CHARLESTON, WV (WOWK) — These are busy days for Kanawha County Clerk Vera McCormick. With her in charge of voting in the state’s most populous county, among her duties are going through a stack of applicants of people wanting to be poll workers.
In the May primary, slightly more than half of state voters cast absentee ballots, the other half voted in person. But problems arose, when many trained poll workers failed to show up.
“We had enough in the primary. And then with the virus some of them got cold feet. Some of them was really just frightened. You know they was scared to come out. And the day before the election we lost almost 100 poll workers,” said Vera McCormick, Kanawha County Clerk.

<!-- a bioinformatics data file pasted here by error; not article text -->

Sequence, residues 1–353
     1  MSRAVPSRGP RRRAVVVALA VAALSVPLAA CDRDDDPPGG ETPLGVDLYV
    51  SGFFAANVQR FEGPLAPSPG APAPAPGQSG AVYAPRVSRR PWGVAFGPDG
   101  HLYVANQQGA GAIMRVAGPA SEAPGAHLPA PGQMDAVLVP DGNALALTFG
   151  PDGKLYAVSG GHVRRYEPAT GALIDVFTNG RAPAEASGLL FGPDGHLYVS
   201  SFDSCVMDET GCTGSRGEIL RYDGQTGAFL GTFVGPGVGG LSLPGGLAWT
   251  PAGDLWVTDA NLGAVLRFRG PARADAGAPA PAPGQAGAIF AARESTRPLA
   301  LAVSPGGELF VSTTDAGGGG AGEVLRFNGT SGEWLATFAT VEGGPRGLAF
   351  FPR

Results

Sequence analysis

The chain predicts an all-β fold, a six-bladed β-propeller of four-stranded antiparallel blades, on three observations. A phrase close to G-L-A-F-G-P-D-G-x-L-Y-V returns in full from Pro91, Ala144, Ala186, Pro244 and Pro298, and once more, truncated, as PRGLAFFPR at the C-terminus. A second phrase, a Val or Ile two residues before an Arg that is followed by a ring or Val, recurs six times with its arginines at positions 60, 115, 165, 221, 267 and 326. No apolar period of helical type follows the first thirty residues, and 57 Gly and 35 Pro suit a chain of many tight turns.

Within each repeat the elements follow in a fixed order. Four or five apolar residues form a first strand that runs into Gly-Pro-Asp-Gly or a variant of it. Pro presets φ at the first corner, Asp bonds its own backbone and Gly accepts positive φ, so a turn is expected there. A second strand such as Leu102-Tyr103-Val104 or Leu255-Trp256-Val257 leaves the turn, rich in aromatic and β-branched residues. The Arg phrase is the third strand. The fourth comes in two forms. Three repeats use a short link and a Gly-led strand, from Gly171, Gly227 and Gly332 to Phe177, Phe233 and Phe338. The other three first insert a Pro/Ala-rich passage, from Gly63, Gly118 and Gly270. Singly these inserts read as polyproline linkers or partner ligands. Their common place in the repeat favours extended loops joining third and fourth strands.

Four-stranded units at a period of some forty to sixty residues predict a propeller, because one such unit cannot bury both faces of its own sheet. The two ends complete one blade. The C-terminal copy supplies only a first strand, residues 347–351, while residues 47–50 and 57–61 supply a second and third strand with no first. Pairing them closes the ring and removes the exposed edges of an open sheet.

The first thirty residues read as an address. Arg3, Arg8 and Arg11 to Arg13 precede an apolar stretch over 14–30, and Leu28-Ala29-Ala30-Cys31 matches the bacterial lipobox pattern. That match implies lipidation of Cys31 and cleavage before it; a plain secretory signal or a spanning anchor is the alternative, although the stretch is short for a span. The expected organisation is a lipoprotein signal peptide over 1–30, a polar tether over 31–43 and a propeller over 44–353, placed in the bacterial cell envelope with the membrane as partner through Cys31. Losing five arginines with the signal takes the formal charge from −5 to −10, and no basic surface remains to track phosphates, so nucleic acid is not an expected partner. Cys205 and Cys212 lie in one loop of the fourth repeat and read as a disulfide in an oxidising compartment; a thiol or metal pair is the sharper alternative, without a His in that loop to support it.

To prevent that from happening again, the state is on a mission to hire nine-thousand poll workers. They get paid 60-dollars to train, and 200-dollars to work Election Day.
“Any body that’s able to, all age groups are welcome. We just want to recruit the poll workers so we we can keep all 1,708 precincts open throughout West Virginia, because that makes it easy for people to go vote in person,” said Secretary of State Mac Warner, (R) West Virginia.
The qualifications are simple. You must be at least 18-years old, and registered to vote in the county where you want to work.
“To apply to be a poll worker, just call the clerks office in your county, or go on the Secretary of State’s website at Go-Vote-WV-DOT-com,” Mark Curtis, 13 News Chief Political Reporter.